Swainson’s Hawk in southwestern Montana

Swainson's Hawk lifting off from a grassy slopeSwainson’s Hawk lifting off from a grassy slope – Nikon D7100, f6.3, 1/1600, ISO 500, Nikkor 500mm with 1.4x TC at 500mm, natural light, not baited

Before I write about this Swainson’s Hawk I want to update my viewers on the Utah Crow Hunt. Yesterday we had a large turnout for the Wildlife Board hearing on the crow hunt, most were opposed to the hunt and we even had some hunters voice their opposition. Two members of the board voted against the hunt. Thank you Bill Fenimore and Mike King, your votes are much appreciated.

Three members of the board voted for the hunt, they are John BairCalvin Crandall and Steve Dalton.

This isn’t over yet. Our voices will not be ignored. Once the audio minutes for the meeting are posted on the Utah Division of Wildlife Resources web site I plan to do another post on this issue.

Last week while in Montana and Idaho I was able to photograph this Swainson’s Hawk as it lifted off from a grassy slope heading up Monida Hill. The bird was on the wrong side of the pickup so I slipped out the door and balanced my lens on the top of the pickup bed.

Swainson's Hawk gaining air speedSwainson’s Hawk gaining air speed - Nikon D7100, f6.3, 1/1600, ISO 500, Nikkor 500mm with 1.4x TC at 500mm, natural light, not baited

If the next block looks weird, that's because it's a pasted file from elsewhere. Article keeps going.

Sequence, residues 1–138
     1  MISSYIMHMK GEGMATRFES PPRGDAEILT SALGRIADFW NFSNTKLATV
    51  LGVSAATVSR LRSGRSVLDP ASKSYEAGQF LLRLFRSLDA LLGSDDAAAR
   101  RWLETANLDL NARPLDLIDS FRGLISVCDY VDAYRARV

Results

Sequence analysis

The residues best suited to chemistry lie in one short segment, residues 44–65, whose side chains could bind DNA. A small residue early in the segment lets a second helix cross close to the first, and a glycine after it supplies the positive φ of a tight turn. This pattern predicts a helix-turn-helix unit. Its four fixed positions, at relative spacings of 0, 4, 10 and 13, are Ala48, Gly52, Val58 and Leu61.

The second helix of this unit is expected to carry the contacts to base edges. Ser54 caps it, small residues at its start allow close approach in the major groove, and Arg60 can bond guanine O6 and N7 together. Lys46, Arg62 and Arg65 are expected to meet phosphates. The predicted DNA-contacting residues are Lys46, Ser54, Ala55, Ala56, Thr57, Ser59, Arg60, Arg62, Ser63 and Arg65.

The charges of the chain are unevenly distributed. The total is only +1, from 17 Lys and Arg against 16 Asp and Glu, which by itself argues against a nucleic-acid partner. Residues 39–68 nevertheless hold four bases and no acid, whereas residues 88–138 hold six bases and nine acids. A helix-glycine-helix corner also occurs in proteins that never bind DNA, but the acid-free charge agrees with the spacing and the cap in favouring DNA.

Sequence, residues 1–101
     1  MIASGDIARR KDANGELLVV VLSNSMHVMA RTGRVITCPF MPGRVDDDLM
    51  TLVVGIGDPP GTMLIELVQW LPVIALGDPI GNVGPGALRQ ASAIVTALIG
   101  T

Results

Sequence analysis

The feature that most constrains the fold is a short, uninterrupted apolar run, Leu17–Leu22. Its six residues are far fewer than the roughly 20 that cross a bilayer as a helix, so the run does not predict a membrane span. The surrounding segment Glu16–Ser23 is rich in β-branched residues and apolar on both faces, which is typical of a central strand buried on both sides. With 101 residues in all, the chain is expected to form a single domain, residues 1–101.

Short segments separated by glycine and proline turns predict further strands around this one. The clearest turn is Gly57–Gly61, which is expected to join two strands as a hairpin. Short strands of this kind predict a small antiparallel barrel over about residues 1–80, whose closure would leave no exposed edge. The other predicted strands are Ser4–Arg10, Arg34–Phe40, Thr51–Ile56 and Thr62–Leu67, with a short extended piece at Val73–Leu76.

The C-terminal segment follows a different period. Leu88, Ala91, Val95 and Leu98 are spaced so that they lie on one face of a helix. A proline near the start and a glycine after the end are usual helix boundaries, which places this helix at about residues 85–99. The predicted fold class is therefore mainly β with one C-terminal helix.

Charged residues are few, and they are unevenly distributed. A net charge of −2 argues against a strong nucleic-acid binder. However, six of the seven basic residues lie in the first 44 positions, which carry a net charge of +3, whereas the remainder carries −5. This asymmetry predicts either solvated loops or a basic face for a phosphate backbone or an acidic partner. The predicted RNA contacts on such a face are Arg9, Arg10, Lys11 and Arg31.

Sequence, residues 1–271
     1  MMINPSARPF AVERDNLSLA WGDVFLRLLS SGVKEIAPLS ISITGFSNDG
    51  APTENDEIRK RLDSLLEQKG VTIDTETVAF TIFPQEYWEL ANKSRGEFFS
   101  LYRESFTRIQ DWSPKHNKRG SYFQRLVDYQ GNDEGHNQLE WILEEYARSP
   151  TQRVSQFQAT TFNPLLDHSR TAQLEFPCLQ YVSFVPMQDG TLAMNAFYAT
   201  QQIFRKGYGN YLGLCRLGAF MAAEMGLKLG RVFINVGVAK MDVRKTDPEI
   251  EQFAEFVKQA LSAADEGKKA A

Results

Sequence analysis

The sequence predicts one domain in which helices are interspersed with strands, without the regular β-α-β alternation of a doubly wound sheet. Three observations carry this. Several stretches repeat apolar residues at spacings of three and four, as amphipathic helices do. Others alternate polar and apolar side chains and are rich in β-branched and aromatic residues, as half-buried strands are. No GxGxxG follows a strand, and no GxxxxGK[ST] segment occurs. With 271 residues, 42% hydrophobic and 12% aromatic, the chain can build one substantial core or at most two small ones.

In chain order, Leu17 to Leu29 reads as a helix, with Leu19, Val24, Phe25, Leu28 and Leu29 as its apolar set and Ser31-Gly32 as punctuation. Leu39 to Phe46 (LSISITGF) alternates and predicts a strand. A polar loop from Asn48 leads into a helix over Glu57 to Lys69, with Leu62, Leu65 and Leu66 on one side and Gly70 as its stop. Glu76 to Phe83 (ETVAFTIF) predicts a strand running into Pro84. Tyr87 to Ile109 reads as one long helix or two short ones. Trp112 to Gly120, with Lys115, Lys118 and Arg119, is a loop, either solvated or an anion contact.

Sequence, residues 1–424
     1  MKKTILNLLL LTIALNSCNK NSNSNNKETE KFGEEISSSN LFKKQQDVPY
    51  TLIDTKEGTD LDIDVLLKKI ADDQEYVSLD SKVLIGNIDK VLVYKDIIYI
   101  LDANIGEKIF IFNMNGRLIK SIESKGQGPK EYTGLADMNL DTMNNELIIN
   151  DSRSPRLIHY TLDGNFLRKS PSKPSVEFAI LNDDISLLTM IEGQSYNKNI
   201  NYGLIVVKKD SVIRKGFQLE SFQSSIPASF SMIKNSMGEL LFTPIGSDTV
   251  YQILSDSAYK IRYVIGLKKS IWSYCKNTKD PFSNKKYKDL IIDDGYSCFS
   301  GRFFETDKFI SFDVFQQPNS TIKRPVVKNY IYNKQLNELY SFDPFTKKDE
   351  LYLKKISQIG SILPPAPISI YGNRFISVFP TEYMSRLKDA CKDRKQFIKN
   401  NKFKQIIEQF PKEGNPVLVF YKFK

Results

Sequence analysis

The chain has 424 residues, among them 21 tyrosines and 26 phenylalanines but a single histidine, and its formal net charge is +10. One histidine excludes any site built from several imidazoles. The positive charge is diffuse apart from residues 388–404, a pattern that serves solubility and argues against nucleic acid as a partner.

The Swainson’s Hawk’s legs were still dangling below it when this frame was taken and it sure looked like it had something targeted with its eyes. I wouldn’t want to be a grasshopper while this hawk was around.

Eye level Swainson's HawkEye level Swainson’s Hawk - Nikon D7100, f6.3, 1/1000, ISO 500, Nikkor 500mm with 1.4x TC at 500mm, natural light, not baited

By the time I took this image the Swainson’s had tucked its legs close to its body for less air resistance. The slope of Monida Hill in the background does look a bit messy but this is where these insect eating hawks are found foraging.

Swainson's Hawk in flightSwainson’s Hawk in flight - Nikon D7100, f6.3, 1/1250, ISO 500, Nikkor 500mm with 1.4x TC at 500mm, natural light, not baited

This Swainson’s and what appeared to be its mate seem to favor this hill, it wasn’t the only time we saw them on the hill or on nearby power poles. I didn’t see any juvenile Swainson’s this trip but I hope to on another journey.

Mia

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Two Moose on the loose in the Targhee National Forest

Moose cow in the sageMoose cow in the sage – Nikon D7100, f6.3, 1/1250, ISO 500, +0.7 EV, Nikkor 500mm VR with 1.4x TC, natural light

On my recent trip to eastern Idaho’s Targhee National Forest the first mammals I encountered and photographed were a cow and calf Moose. The cow and calf were walking down a sage covered hillside heading towards a creek on the other side of the road. The cow was one of the darkest moose I have seen with a nearly black body. She was bothered by flies and those can be seen in the air near her rump.

Moose calf crossing a dirt roadMoose calf crossing a dirt road - Nikon D7100, f6.3, 1/2500, ISO 500, +0.7 EV, Nikkor 500mm VR with 1.4x TC, natural light

The calf; born earlier this spring, looks like it is all legs at this age and has begun to shed some of the rusty red fur on its back. It was rushing to catch up to the cow who had already crossed the road when I took this image. Such a cute little bugger.